Expert Q&A: Childhood Vaccine Safety
So are they recommended as separate injections?
That is kind of left to the physicians. A clinician should explain the risks and benefits carefully with the child's parents. If they think the parent may not understand, there is a suggestion to give the MMR and varicella separately.
How will I know if my child is having a bad reaction?
If it's any unusual condition such as a high fever [over 100], weakness, or behavioral changes that are particularly concerning to the parent, such as the child is unresponsive ... the ones to really look out for are signs of a serious allergic reaction, and these can include difficulty breathing, hoarseness or wheezing, hives, weakness, a fast heartbeat, or dizziness.
They should call the doctor and get to the [child's] personal doctor right away.
If your kid is sick, should you get vaccinated or wait?
A child with a mild common illness such as a cold or a low-grade fever does not have to wait to be vaccinated. It is preferable to delay vaccination for a child with a more severe illness.
If they have just the sniffles or mild diarrhea, it would be OK to vaccinate.
If my child is taking medications on a regular basis, such as for ADHD, or steroids, are there interactions with vaccines I need to be concerned about?
The parent should consult with their health care provider before getting that vaccination. But in general the commonly used medications, including those for ADHD, are not known to have powerful interactions with vaccinations.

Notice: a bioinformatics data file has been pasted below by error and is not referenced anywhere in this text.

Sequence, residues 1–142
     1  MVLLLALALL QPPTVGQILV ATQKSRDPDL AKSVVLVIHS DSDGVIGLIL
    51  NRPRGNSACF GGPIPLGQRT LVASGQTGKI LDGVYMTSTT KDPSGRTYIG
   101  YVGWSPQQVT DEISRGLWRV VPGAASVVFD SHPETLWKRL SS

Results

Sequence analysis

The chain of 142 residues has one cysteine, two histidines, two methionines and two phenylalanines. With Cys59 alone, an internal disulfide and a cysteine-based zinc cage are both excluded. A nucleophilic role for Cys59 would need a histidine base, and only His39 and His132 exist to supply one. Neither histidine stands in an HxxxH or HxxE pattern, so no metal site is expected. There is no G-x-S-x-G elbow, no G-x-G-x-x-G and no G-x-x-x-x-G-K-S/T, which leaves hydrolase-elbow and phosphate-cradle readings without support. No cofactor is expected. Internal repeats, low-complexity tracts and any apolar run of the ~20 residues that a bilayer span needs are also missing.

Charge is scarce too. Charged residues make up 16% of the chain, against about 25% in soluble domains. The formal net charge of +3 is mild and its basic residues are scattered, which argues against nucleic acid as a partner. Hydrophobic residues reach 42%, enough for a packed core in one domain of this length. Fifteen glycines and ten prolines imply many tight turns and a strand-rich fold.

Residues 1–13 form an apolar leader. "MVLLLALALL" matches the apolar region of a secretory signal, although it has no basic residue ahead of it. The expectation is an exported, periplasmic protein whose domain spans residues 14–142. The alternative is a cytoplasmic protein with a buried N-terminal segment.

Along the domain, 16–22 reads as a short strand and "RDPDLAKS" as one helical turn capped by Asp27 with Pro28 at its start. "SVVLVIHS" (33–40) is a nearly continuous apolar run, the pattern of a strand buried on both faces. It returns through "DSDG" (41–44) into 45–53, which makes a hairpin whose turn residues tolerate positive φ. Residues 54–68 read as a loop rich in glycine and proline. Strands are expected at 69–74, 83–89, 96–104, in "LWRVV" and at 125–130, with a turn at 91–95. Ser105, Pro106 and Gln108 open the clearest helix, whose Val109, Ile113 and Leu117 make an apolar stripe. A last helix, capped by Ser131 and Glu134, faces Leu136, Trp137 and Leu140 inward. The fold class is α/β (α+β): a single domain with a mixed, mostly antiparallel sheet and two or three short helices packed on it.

Short-term steroid therapy is usually not a contraindication to administer live virus vaccines. ... There's no evidence of increased severity of reactions to live attenuated vaccine that's been reported among people receiving corticosteroid therapy by aerosol ... so that sort of therapy is not a reason to delay.
Higher doses or longer-term treatment, someone probably being treated for a fairly chronic or severe medical condition, should consult with their health care provider before being vaccinated.
My child has a weakened immune system. Is it safe to vaccinate?
Again, it depends on the level of weakened immunity. If the child has leukemia or other types of cancer, or AIDS, they should not receive vaccines with live weakened or live attenuated vaccines. Examples of these include measles, intranasal influenza. Obviously any decisions ... should be made on a case-by-case basis in consultation with the child's doctor.
We are talking about live vaccine. ... Most of the other vaccines are inactivated. Inactivated vaccines can be administered safely to persons with altered immunocompetence.